Balfour Beatty’s Tax Loophole Unconstitutional?


by Naja and Arnaud Girard…….

Lawyers are poised to challenge a tax loophole, sought by Balfour Beatty/Southeast Housing in the Senate this week, as discriminatory and unconstitutional.

Under the proposed legislation not only would Balfour Beatty (a giant British conglomerate) not pay future property taxes in Monroe County, but the company would also be pardoned for the $ 11.3 Million in local property taxes it failed to pay since 2007.

However, even if the law does pass, it might not be the end of Balfour Beatty’s days in court.  The Florida Constitution specifically prohibits discrimination in assessing property taxes.    Differential treatment in the assessment of property taxes has been allowed (for example, the senior homestead tax exemption) but such provisions require a Constitutional Amendment.

“I feel this law is completely discriminatory,” says Shirley Freeman, former Monroe County Mayor, “I am one of the many landlords in Key West renting a few apartments to military and locals.   We pay property taxes on everything.  Now there is some billionaire British Corporation that is renting to the same people in direct competition with us, but not paying property taxes.  That’s outrageous!”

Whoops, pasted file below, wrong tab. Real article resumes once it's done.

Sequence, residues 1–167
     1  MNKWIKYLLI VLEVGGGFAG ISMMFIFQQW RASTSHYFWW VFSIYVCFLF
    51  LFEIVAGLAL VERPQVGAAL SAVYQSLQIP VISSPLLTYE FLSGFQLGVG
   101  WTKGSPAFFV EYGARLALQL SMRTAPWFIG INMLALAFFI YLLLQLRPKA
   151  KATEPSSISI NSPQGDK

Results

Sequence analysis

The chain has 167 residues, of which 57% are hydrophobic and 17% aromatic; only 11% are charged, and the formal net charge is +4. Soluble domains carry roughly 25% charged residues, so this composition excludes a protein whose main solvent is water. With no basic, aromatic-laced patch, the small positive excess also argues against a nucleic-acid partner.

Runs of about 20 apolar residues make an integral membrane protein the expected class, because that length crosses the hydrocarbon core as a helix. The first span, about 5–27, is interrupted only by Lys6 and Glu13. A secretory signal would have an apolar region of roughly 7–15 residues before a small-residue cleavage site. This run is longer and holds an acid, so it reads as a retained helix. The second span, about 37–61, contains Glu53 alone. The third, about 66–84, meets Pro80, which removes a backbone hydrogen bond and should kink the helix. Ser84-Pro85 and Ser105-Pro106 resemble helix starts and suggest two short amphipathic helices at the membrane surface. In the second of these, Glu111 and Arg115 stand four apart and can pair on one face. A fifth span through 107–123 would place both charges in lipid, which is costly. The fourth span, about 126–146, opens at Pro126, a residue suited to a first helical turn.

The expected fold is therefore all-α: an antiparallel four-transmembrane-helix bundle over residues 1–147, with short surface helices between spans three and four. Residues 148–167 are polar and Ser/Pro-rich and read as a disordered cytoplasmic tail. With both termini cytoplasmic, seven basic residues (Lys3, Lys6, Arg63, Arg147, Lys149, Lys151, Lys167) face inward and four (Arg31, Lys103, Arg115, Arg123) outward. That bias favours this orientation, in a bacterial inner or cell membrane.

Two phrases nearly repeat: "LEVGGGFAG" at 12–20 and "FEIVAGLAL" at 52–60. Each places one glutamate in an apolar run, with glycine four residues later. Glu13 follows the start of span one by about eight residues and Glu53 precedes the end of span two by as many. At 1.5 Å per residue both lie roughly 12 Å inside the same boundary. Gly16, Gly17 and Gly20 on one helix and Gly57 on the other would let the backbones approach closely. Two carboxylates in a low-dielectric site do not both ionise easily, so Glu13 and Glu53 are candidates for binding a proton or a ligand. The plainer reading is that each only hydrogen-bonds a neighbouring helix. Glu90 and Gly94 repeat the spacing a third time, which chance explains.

According to John Dent, an attorney who has specialized in tax law for over 30 years and represents the Monroe County Property Appraiser, any Monroe County taxpayer could challenge the constitutionality of the legislation.  The law has yet to be passed, but there is already talk of gathering a war chest to father the mother of all lawsuits against what is perceived as a discriminatory and unconstitutional law tailored for special interests.  The state of Florida however appears to be determined to be very generous to Balfour Beatty with the County’s money.

“Bottom line is,” says Dent, “every other branch of government is getting their share.  The federal government collects from Balfour Beatty and its affiliates through income taxes, the state of Florida collects documentary stamp taxes on the title transfers [and sales tax on a few hundred million dollars relative to BB’s construction and renovation of  housing], but Monroe County, which is the government jurisdiction carrying the burden of providing direct services to those properties is being told it should get nothing.  Keep in mind that those housing units rely heavily on local services.   Monroe County jurisdictions provide schools, police, fire, infrastructure, and court services, but the Florida Legislature is proposing that Monroe County should do all of this on the backs of Monroe County taxpayers.   To be honest with you, I can’t believe that these Bills have made it this far.”


Note:  In Monroe County property taxes fund about 80% of the School District’s budget.  Currently, it costs approximately $10,000/year to educate one student in Monroe County.  Federal impact aid paid to the Monroe County School District last year (to compensate for lack of property tax revenue on federally owned land) covered the costs of educating only 30 Monroe County students.  An NAS Key West document obtained by Key West The Newspaper shows that nearly 40% of Key West privatized military family housing units were rented to civilians in 2009.   Local attorney, David Paul Horan, in a recent presentation to the City Commission on behalf of Balfour Beatty, stated that the number of civilians renting privatized military housing has risen since 2009.

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